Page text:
Independent School District No. I-89 of Oklahoma County, Oklahoma v Oklahoma Secondary School Activities Association (2014) H&FLR 2015-7
District Court of Oklahoma County (Oklahoma)
11 December 2014
Coram: Jones J
Appearing for the Plaintiff: F. Andrew Fugitt and Anthony T. Childers
Appearing for the Defendant: Mark S. Grossman, Andre B. Caldwell and Meredith W. Wolfe (of Crowe & Dunlevy)
Catchwords: Oklahoma – high school – American football – umpiring – review of decisions – sporting associations – injunction.
Facts: A high school football team operated by the plaintiff took part in a playoff game overseen by the defendant on 28 November 2014. The plaintiff considered that its team had been disadvantaged by a particular umpiring decision and sought a replay of the game, which the defendant refused. The plaintiff sought an injunction compelling the replaying of the last 64 seconds of the game or (alternatively) the replaying of the entire match.
Held: refusing to grant the injunction, that –
1. To obtain a temporary injunction a plaintiff must show (a) a substantial likelihood of success in the substantive issue; (b) irreparable harm to the plaintiff if the injunction is refused; (c) that the potential injury is not speculative and outweighs the harm of the temporary injunction to the respondent; and (d) that the injunction would not be contrary to the public interest.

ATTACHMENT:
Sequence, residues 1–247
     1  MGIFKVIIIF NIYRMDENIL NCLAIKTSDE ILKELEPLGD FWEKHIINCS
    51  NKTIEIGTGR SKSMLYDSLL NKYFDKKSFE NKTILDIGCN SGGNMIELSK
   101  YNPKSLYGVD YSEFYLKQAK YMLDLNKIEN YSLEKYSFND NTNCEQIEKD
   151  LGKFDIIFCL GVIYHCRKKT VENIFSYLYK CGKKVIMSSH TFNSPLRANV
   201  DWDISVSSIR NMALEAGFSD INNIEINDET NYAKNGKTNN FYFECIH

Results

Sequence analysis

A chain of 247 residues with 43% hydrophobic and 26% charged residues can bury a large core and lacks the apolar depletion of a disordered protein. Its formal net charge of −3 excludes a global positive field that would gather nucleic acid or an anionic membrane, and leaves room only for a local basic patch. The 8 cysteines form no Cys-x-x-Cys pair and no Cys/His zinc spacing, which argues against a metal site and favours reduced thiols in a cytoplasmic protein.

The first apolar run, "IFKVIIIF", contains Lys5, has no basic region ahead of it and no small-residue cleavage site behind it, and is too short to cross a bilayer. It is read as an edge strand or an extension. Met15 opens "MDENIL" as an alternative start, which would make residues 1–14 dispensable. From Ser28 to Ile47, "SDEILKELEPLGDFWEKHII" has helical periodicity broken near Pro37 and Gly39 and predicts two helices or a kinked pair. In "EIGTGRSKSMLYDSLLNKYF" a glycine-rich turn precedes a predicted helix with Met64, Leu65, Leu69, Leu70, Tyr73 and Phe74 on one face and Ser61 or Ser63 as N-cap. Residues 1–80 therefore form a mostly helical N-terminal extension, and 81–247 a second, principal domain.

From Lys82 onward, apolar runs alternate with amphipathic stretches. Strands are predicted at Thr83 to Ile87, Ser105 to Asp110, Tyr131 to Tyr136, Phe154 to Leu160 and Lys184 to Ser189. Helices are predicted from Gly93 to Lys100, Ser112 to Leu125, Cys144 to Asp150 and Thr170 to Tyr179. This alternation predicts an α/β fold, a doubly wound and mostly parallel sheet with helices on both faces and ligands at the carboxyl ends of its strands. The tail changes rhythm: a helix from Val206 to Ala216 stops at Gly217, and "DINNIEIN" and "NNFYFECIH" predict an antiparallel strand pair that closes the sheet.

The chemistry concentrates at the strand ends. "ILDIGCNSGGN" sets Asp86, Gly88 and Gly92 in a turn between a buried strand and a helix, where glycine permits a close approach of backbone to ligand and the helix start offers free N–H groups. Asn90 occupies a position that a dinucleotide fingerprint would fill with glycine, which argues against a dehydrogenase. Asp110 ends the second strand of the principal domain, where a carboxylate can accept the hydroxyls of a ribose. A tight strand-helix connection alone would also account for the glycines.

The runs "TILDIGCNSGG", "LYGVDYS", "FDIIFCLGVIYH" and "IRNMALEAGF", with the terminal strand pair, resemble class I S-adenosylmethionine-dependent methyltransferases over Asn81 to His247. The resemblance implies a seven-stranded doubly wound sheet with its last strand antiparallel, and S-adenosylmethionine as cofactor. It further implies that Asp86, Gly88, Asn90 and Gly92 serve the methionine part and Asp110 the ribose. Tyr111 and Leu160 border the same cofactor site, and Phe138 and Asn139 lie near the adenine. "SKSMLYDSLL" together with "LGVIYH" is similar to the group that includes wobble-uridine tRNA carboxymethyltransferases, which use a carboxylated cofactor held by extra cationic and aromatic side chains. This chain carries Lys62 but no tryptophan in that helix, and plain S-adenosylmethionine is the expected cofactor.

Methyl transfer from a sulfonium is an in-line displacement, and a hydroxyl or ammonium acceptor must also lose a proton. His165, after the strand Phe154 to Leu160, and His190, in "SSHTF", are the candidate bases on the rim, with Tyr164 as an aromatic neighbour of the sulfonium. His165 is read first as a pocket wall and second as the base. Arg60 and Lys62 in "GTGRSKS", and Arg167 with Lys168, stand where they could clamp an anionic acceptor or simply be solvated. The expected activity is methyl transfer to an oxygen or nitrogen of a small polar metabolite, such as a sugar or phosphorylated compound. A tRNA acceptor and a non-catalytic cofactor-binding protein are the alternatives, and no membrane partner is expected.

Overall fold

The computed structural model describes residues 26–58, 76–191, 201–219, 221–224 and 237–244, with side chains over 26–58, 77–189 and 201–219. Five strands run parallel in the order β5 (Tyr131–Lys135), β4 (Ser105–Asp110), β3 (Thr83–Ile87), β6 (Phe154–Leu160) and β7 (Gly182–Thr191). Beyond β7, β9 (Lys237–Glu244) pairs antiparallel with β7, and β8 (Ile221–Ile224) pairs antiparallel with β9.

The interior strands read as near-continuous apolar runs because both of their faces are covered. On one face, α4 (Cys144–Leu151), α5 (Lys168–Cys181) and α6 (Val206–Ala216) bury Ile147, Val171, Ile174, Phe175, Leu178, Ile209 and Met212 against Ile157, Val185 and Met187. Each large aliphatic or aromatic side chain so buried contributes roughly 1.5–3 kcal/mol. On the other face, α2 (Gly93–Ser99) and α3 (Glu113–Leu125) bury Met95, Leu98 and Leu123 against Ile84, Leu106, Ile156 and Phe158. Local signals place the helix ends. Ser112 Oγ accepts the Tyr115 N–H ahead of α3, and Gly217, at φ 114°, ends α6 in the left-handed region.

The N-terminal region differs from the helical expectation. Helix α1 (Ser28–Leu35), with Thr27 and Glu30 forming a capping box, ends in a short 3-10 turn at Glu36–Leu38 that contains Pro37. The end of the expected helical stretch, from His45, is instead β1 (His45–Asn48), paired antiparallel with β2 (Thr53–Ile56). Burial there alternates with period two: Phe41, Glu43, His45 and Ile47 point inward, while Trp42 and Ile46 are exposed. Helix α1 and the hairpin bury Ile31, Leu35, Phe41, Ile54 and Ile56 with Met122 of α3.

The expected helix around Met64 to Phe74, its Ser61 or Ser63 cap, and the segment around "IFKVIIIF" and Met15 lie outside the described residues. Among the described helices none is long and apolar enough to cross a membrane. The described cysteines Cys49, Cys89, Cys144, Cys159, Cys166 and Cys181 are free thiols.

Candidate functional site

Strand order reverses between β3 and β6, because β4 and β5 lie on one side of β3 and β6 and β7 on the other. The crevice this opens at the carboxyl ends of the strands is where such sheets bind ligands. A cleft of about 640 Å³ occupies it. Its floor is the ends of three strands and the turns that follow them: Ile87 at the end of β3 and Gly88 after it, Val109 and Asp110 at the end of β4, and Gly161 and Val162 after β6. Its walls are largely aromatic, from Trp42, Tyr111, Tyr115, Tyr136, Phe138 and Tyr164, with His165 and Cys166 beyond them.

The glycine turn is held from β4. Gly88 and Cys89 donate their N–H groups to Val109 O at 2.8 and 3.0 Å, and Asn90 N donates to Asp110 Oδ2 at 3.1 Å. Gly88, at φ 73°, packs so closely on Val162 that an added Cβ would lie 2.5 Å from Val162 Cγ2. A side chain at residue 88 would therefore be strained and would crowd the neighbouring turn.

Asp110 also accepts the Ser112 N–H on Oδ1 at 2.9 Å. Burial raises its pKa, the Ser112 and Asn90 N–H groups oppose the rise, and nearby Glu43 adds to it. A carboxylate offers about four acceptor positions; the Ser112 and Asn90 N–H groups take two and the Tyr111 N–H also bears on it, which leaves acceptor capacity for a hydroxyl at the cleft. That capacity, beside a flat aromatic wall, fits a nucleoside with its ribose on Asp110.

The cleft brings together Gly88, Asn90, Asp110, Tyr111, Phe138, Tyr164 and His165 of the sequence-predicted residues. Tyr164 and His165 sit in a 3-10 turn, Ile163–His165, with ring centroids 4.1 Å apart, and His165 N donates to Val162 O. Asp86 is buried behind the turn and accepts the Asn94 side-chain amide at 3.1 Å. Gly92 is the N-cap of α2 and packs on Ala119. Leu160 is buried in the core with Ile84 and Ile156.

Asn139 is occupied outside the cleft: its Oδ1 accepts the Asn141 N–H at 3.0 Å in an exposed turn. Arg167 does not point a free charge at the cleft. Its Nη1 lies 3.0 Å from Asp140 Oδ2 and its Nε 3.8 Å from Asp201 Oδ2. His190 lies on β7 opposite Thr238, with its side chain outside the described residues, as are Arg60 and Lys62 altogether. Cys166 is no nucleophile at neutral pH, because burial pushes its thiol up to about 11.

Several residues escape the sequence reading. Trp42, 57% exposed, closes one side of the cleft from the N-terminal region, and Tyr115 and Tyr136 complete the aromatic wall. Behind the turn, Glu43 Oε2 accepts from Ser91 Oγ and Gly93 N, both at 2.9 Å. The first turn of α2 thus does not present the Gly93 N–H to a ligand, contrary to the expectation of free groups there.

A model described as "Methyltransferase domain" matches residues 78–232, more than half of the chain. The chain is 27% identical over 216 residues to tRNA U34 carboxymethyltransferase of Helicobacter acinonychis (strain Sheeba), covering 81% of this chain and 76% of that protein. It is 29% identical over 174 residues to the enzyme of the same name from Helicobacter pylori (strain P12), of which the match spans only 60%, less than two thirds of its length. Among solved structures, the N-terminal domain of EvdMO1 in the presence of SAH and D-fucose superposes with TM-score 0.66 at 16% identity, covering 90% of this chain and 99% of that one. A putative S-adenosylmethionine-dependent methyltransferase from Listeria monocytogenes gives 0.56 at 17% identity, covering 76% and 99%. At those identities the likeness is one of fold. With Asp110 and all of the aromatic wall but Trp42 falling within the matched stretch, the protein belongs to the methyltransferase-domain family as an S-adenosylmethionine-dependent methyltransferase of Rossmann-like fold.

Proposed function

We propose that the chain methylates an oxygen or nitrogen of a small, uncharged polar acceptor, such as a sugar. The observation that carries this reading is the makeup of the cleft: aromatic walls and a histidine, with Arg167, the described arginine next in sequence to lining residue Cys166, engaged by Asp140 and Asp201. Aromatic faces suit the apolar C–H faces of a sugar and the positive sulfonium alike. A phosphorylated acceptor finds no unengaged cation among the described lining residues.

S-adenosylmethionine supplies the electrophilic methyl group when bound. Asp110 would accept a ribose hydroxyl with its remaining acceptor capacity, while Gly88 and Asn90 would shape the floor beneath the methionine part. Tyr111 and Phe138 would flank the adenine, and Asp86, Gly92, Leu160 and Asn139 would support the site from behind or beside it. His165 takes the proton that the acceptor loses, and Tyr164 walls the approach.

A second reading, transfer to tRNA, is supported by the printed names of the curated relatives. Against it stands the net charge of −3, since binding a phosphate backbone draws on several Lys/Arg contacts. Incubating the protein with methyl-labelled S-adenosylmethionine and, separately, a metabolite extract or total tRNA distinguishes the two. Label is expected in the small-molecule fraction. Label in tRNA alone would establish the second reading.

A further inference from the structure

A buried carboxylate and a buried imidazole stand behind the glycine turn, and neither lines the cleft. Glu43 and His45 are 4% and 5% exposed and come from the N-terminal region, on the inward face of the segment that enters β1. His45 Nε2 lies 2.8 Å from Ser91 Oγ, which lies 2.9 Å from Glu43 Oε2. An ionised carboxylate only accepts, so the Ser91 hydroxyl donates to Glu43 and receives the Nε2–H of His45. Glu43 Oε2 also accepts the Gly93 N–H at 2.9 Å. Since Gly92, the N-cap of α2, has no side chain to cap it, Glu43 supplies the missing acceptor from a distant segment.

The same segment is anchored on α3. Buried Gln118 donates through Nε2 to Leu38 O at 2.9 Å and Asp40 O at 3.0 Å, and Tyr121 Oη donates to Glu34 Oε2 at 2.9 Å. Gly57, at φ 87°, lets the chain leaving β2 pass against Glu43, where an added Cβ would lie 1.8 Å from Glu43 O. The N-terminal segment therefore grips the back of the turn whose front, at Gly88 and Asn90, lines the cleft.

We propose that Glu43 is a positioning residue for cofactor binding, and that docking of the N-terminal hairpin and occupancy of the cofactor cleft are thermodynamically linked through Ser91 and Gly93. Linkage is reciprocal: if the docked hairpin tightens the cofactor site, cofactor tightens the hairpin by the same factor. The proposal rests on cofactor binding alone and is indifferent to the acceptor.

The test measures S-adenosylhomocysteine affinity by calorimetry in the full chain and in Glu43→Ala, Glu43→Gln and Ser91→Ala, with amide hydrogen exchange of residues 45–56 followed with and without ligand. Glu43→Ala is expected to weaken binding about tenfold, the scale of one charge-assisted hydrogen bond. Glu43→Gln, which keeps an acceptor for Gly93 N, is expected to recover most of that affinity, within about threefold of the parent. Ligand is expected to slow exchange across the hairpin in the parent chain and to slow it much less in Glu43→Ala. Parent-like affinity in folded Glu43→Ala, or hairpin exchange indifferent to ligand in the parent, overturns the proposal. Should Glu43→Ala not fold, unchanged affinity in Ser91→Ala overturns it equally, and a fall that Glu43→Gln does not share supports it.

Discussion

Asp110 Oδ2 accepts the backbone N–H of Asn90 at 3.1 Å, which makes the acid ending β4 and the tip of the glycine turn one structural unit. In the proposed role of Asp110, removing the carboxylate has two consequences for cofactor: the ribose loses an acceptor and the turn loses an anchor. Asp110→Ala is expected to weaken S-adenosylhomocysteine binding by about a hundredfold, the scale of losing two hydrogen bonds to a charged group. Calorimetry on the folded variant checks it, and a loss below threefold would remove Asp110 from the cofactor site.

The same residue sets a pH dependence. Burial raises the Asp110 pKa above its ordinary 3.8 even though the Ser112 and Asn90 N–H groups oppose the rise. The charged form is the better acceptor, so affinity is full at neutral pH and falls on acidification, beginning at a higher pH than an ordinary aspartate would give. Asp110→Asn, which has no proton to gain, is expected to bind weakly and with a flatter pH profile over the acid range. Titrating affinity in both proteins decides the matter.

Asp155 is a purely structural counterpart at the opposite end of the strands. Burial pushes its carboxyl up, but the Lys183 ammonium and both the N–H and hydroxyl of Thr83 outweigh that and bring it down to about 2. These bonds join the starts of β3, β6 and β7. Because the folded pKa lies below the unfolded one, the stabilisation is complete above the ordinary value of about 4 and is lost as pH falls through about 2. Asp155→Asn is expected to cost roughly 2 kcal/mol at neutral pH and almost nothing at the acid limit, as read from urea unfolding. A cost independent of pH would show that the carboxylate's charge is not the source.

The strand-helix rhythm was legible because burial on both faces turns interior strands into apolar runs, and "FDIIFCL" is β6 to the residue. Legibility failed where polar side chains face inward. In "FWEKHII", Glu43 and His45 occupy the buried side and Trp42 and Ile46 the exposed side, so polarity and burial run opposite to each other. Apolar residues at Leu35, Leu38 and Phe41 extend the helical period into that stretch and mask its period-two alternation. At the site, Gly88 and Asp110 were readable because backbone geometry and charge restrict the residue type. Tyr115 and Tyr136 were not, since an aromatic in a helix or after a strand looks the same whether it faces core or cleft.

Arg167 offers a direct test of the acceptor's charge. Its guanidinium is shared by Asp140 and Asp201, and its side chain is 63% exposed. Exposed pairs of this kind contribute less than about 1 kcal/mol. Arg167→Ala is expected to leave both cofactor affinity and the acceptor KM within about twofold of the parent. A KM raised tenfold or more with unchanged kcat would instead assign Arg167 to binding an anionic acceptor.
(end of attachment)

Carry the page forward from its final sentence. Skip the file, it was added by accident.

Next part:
Tulsa Order of Police Lodge No. 93 v City of Tulsa, 39 P.3d 152 (2001) and House of Realty v City of Midwest City, 109 P.3d 314 (2004), followed.
2. The necessary harm could not be shown simply by the defendant’s alleged breach of its own policies, particularly where the policies themselves and their application was a matter of the defendant’s discretion.
3. In general, courts should not intervene in matters where the parties have agreed to be bound by and submitted to the governance of activities associations.
4. The court would in any case decline to order the requested relief because there is no means of ensuring that it may be carried out fairly: it would be impossible to replicate entirely the conditions of the disputed match with regard to player fatigue, weather, field conditions, coaching and referee decisions, among other things, and an attempt to do so would invite uncertainty and error. Ultimately this would frustrate athletic pursuits themselves.
The Court’s judgement is available here.